McKenzie Meningitis Foundation interviewed for TV
Ken Hartwig Interview
Pinedale local Ken Hartwig is interviewed by Ami Schmitz, producer for an upcoming documentary on meningitis, to be aired on Good Morning America later this summer. The documentary film crew interviewed members of the Hartwig family, as well as Pinedale High School graduates Linda James and Karly Konicek.
by Dawn Ballou
May 31, 2006
Pinedale locals Ken, Laurie and Garrett Hartwig, as well as Pinedale graduates, Linda James and Karly Konicek, were interviewed by a producer this week as part of a documentary highlighting meningococcal meningitis. The program is scheduled to be aired on Good Morning America later this summer and in 2007 will be circulated amongst US colleges and high schools to educate students on the deadly disease.
The documentary will include interviews with doctors and families across the nation who have been impacted by meningitis. "We've met parent after parent, trying to come to terms with losing the thing most precious to them: a child. And we have been deeply moved by their courage as they struggle to make sense of the ruthlessness with which their child's life was taken," said Producer Ami Schmitz. The film will be narrated by actress Glenn Close, who has family ties to Sublette County.
The Hartwigs created The McKenzie Meningitis Foundation in 2002, after their daughter, 18-year-old McKenzie, suddenly died of meningitis shortly after graduating from Pinedale High School and starting college at the University of South Dakota.
The tragedy of her death is that meningitis is a vaccine-preventable disease, but few parents are aware of the danger of meningitis or that the vaccine is available. The Hartwigs hope to change that.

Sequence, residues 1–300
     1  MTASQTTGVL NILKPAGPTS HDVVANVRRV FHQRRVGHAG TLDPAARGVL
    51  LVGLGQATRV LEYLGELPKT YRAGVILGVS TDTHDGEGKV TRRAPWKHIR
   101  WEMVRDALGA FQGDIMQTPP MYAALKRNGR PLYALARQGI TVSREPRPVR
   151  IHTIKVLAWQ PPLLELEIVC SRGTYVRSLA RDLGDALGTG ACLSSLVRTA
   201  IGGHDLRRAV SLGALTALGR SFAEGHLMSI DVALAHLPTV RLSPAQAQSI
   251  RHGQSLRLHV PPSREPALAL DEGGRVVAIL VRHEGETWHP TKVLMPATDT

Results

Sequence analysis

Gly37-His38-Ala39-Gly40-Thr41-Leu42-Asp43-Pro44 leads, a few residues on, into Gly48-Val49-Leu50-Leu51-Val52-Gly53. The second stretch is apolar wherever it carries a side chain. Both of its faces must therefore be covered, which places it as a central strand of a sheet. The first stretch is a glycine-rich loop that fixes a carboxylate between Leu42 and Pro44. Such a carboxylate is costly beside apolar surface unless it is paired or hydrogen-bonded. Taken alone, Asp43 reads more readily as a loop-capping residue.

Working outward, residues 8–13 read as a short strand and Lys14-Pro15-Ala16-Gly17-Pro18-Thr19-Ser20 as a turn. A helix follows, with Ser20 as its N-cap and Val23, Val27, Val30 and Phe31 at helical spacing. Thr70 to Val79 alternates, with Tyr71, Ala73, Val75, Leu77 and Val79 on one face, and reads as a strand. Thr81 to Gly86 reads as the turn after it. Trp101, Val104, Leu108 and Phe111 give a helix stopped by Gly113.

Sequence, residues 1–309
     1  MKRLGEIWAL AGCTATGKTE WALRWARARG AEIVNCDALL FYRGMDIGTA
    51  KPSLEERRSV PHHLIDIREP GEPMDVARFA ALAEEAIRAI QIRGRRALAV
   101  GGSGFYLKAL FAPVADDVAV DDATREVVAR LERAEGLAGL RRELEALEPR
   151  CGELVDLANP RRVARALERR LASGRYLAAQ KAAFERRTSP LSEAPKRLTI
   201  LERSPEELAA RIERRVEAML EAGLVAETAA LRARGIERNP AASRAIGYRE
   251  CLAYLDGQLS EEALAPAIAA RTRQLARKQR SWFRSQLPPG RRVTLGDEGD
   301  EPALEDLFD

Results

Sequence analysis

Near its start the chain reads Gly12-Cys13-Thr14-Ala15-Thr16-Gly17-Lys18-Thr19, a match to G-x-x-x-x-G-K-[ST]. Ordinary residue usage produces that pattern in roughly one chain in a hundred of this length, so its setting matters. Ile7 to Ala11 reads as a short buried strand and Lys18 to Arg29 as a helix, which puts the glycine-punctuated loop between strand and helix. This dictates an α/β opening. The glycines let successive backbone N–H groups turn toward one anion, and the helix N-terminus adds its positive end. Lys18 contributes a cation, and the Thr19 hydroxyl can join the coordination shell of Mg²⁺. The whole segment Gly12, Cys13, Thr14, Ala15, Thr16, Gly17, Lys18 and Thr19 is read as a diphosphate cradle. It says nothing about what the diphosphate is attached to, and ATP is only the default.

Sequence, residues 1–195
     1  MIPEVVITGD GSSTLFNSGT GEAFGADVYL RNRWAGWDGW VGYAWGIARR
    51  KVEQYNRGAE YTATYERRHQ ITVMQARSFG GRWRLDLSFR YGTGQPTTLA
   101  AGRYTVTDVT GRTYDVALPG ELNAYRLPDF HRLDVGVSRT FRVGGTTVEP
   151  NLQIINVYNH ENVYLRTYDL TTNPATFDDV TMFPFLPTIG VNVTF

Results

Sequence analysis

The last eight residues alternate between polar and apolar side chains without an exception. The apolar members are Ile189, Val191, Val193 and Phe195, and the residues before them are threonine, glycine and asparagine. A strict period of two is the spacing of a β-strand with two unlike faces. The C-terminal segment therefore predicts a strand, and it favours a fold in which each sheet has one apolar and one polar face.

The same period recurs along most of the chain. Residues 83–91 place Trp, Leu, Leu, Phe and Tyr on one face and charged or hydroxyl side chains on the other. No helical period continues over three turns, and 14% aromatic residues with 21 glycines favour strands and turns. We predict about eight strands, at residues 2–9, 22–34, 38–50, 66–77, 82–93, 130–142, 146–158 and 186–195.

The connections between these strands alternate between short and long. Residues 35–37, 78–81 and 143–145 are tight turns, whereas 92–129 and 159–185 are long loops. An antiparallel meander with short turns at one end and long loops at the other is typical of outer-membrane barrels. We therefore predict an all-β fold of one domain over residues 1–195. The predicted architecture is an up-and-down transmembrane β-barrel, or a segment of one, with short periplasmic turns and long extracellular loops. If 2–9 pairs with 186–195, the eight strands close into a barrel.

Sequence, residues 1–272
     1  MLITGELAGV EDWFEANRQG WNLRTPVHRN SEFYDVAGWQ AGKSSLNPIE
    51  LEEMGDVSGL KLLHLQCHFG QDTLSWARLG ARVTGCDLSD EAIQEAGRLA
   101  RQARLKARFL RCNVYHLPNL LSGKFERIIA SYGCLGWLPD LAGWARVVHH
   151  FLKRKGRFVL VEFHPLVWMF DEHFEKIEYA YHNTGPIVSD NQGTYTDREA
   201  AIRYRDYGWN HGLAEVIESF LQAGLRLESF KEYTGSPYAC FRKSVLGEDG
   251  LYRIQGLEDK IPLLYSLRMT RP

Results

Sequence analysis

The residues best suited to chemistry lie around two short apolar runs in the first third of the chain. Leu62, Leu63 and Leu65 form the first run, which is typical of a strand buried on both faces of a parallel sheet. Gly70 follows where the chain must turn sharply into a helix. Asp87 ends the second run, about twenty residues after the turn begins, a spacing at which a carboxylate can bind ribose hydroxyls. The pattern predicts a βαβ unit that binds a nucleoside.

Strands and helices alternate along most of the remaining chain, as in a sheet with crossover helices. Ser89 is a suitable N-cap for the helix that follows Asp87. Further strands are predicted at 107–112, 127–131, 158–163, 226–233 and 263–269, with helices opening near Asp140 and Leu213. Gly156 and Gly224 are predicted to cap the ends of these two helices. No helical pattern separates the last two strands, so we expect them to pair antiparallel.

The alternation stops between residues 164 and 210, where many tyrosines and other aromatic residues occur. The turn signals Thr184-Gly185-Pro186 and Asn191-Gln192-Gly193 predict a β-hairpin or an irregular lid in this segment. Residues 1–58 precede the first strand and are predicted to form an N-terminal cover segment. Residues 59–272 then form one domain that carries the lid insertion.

Meningococcal meningitis is a bacterial infection that causes inflammation of the spinal cord and brain. Five subtypes can rapidly develop into serious illness or death over a period of one or two days or within a matter of hours. Meningitis resembles the flu with nausea, high temperature, headache, neck stiffness, respiratory problems, drowsiness and bleeding under the skin. Many victims suffer permanent disabilities, such as hearing loss, blindness, brain damage, or limb amputation. Numerous cases of meningitis disease have led to death.
The McKenzie Foundation is dedicated to the education and vaccination of Wyoming students. In their first years, they were able to buy sera to vaccinate the graduating seniors of Pinedale and Big Piney High Schools. Later, as more funding became available, they expanded their reach for the entire high school and eighth grades in the Pinedale School District. Their objective is to offer this same immunization program to Big Piney High School and eighth grade next winter.
State funding has recently been approved by the Wyoming State Legislature, Governor Freudenthal and Wyoming Public Health to provide vaccinations for all children not covered under the Federal VFC program, including the Menactra meningitis shot. This means that public health offices across the State of Wyoming will provide MCV4 for persons aged 11-12 and 17-18 college-bound students for a $5 co-pay.
Along with producing a nation-wide documentary, the goals of the McKenzie Foundation have shifted slightly to education and vaccination of 14-year olds, rather than graduating seniors, since the Centers for Disease Control (CDC) now recommend meningitis vaccination for this younger age group, just entering high school.
A premiere of the documentary will be held on Thursday, August 17th, in Pinedale. Time and location to be announced.
The McKenzie Meningitis Foundation www.themckenziefoundation.org